The majority of the BBC’s £1BN ($1.3BN) annual savings are set to come from content cuts this year, a five-fold increase since 2016/17, as the leading UK audit body raises significant concerns about the impact on viewers.
The National Audit Office’s (NAO) latest BBC report found £402M ($535M) is projected to be saved on “cuts to content and services” for the 2021/22 financial year and a further £103M ($137M) on “changes to scheduling mix,” meaning 52% of the organisation’s near-£1BN savings target will come via content.
The circa-£500M content saving has increased five-fold over the past few years, as the BBC has had to cut more and more of its program spend in order to meet hefty targets imposed during the last licence fee settlement in 2016/17. Rather than content, the majority (70%) of its annual savings used to come from “productivity” and by reducing staff numbers.
The BBC’s content spend has fallen by 12% in real terms since 2016/17, while number of acquired hours of shows such as Gossip Girl and Superman and Lois has doubled, although the NAO acknowledged these shifts are mainly due to the impact of Covid-19 on production.
Almost one-third of shows on BBC1 are now repeats, added the report, as the corporation turns attention to improving VoD player BBC iPlayer and audio platform BBC Sounds.
“In the early years of its current savings programme, the BBC successfully protected audience-facing services, but it has found this increasingly challenging to maintain,” said the report. “The BBC has reduced spending on its content while its audience numbers have fallen and it is not yet clear what the longer-term impact of this will be.”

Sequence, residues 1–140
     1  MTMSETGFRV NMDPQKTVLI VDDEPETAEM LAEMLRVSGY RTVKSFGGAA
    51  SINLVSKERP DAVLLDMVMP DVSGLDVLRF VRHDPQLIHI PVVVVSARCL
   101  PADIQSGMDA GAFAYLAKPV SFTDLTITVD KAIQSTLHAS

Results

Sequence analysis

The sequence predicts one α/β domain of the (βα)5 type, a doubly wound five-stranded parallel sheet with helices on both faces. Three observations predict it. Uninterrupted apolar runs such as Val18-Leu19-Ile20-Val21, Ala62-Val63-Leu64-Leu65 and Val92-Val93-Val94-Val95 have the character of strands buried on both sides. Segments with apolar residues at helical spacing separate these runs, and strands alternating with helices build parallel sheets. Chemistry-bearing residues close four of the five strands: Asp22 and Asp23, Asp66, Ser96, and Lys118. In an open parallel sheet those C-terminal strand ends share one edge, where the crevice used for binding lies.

Meg Hillier, who chairs the UK’s influential Public Accounts Committee, said the BBC “must be wary of the risk that reducing content may lead to yet more people jumping ship and choosing not to pay the licence fee.”
The decline in content spend has partly been made up by international co-production investment from the likes of Netflix and Amazon almost doubling to £385M ($512M) over the same period but this could only worsen concerns that the BBC is losing its distinctive “Britishness” and “poses a risk to the long-term value for money that it can realise from its intellectual property,” according to the report.
The BBC is also trying to make more money from commercial outfit BBC Studios but has acknowledged this will make a relatively small contribution to its future savings.
The level of savings required is only likely to increase, with the BBC recently forecasting “significant” cuts to come.
While programming costs are still rising due to the impact of the streamers, a similar savings programme will likely be needed over the next five years and could be even costlier if the BBC walks away from current government negotiations with a poor licence fee settlement.
These ongoing negotiations will set the price of the £159 ($212) annual fee from 2022 to 2027 and it appears the BBC may not get its preference for the fee rising with inflation, especially with Covid’s economic disruption causing inflation rates to soar.
A BBC spokesperson said: “We will continue to focus on modernising, improving efficiency and prioritising spending on a range of high-quality content to ensure value for money for all licence fee payers.”
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